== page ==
Chenney/Bush dithered for 8 years. They squandered the momentum and left Obama with a steaming pile. Try again. It is good to finally have someone actually asking the questions it takes to make a plan for Afghanistan.

  5. The Humanist October 30, 2009 at 8:36 am #

    Seriously? A comparison of Obama and GW Bush? You remember, the vacationer-in-chief who spent 42% of his first year in office on vacation? Including the entire month of August 2001? Good Lord, this is nonsensical.

  6. Brian Castner October 30, 2009 at 9:32 am #

    @ STEEL: Stupid post or too close to home? This isn’t about Bush or Cheney – its Obama’s decision time . Obama asked questions, got answers, asked again, got answers, and still can’t make a decision. He announced a strategy, and now that its implementation time, he’s not following through. The limbo is worse than whatever decision he needs to make.

    @ Humanist: I wasn’t talking about vacation, I was talking about golf. Obama has also managed to get in a couple “working” vacations. But anytime you’d like to address the substance of my post, which is that Obama is dweedling while soliders get killed, let me know. And see if you can make your response about the current President, not the former one.

    • Alan Bedenko October 30, 2009 at 9:49 am #

      I hardly think that a careful contemplation of what to do next in Afghanistan is “dweedling”. Last time we had military commanders saying “I’m going to win, I just need more troops” bad things happened. It’s not as simple as that, and I don’t want there to be any hurry on this. We had 8 years of knee-jerk reactions and poorly thought out tactics and strategies. I’m happy to be past that.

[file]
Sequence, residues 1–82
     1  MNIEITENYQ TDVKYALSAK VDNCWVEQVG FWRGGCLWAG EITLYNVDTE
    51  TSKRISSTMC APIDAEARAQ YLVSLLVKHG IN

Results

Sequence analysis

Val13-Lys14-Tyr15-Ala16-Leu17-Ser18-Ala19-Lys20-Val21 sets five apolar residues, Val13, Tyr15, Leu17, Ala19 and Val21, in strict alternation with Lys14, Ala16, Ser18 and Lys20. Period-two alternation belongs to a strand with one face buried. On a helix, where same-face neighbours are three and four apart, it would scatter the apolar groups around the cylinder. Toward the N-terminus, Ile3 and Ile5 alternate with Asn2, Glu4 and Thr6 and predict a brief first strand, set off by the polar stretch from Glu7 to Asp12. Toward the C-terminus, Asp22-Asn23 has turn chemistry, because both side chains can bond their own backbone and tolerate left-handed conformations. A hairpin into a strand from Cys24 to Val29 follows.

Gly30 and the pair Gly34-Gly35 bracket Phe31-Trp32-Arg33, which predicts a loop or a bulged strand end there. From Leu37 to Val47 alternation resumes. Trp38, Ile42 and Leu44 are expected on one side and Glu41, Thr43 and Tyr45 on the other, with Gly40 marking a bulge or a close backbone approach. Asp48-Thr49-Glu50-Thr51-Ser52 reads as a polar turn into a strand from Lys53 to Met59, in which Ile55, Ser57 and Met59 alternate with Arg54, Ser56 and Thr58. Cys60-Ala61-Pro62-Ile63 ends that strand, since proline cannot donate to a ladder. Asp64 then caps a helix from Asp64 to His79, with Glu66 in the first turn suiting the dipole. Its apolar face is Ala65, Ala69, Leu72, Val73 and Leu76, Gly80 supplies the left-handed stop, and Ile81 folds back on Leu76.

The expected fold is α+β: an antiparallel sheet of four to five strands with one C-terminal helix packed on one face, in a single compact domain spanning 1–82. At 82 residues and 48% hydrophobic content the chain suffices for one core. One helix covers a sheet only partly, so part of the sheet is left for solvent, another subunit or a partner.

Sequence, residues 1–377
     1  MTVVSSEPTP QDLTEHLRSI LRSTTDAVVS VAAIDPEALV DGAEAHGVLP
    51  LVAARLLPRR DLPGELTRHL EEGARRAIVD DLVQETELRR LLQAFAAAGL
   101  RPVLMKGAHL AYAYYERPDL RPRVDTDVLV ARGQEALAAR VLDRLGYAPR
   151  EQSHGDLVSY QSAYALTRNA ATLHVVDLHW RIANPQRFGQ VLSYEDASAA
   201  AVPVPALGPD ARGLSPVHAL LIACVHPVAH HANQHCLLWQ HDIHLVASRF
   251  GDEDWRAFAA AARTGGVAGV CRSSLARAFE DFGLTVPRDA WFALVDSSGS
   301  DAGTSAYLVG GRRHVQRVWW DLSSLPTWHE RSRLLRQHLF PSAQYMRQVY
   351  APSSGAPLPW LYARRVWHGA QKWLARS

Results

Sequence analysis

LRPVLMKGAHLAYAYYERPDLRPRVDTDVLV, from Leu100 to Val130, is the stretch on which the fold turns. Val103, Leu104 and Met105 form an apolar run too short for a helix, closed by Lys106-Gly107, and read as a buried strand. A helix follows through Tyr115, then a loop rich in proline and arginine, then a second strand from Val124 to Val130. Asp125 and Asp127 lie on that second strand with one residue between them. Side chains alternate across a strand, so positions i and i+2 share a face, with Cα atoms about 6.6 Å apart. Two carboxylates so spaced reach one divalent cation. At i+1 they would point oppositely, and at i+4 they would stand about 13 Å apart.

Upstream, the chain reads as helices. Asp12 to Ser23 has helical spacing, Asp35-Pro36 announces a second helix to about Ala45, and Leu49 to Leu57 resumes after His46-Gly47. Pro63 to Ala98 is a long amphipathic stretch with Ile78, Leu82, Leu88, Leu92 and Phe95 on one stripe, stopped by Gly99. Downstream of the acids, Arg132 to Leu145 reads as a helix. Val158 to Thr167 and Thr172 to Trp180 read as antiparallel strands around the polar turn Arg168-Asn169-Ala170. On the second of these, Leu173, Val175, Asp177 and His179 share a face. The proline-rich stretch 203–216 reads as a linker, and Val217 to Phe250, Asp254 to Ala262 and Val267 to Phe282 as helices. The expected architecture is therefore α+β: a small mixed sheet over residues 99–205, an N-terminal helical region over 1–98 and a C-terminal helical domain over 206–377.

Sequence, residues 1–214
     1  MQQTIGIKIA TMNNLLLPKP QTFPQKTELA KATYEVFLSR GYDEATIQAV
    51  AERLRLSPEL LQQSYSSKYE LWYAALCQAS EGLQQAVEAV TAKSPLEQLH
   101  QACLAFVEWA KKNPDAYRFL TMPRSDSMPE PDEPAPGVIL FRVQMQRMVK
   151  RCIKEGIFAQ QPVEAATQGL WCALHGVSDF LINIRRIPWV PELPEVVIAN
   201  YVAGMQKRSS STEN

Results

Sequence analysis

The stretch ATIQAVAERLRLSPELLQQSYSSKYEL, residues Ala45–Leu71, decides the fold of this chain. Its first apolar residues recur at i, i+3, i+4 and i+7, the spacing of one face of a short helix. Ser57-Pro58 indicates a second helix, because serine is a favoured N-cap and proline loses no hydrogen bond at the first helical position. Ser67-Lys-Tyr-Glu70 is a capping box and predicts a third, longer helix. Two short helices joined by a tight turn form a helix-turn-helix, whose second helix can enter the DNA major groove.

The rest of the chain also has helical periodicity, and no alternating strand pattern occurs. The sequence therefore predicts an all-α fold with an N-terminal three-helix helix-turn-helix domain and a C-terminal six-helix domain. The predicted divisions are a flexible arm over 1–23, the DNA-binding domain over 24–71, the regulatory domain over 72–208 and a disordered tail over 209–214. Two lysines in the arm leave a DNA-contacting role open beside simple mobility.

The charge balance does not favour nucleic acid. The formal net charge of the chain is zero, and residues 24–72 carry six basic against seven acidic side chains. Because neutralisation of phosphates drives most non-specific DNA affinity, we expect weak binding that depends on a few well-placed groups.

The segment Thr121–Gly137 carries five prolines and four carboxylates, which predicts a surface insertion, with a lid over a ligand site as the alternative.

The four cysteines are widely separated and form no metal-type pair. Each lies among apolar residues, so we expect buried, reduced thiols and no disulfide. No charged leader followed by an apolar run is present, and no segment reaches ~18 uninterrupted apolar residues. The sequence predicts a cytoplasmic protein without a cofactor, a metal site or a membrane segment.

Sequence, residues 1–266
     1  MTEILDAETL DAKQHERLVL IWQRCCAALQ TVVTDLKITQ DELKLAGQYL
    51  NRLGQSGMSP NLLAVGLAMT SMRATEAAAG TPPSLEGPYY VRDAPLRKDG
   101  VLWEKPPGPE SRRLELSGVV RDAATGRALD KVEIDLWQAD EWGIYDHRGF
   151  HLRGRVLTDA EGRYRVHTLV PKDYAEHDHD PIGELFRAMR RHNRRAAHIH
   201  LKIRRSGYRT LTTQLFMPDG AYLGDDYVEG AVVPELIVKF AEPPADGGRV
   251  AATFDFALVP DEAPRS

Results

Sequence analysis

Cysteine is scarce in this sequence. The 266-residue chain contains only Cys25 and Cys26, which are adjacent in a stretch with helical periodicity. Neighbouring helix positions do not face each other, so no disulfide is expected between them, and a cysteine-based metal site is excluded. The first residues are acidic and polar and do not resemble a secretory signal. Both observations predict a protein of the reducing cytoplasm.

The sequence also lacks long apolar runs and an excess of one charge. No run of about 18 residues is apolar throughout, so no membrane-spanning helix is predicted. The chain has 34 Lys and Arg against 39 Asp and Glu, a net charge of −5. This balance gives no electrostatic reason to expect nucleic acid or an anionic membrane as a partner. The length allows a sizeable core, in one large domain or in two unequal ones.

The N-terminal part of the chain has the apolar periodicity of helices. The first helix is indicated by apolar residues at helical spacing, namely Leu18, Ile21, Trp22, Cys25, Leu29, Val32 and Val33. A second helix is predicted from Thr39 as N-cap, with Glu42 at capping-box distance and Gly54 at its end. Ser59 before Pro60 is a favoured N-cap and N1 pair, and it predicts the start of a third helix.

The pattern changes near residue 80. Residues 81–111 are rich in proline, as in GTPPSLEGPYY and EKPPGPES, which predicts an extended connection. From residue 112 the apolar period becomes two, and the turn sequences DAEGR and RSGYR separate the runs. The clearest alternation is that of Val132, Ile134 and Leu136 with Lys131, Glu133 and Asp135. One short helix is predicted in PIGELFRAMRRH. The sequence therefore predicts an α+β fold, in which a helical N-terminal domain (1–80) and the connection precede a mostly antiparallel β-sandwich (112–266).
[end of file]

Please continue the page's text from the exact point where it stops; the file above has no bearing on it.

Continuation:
7. Brian Castner October 30, 2009 at 10:02 am #

    @ Alan – The war in Afghanistan is 8 years old. Did he spend any time thinking about what to do next as a Senator? When he ran for President for 2 years? He had a new plan for Afghanistan on his platform. He even announced a change in strategy officially in March. Now its almost Nov. What’s the hold up? And the last time we had a commander say “I’m going to win, I just need for troops” it was Petraus, and the Surge, and it worked. I think its easy to not want to be “in a hurry” when you’re back in the states, but its a little more immediate when you’re the one being shot at.

    • Alan Bedenko October 30, 2009 at 10:14 am #

      The war in Afghanistan is 8 years old, but it hardly resembles today even what it was 2 months ago. You also can’t compare Iraq to Afghanistan, not even a little. Afghanistan has been a failed state for what, two generations? Say what you want about Iraq, but it was a totalitarian dictatorship just 6 years ago. Not a nice place to live, but not a failed state.

  8. STEEL October 30, 2009 at 10:12 am #

    Brian,

    You brought up the Bush Obama comparison!
    “As this is going on, President Obama is playing golf. Twenty four rounds in nine months. More than GWB in nearly three years, who fancied himself a golfer but gave it up because he thought it would look bad. Let’s see, does it?”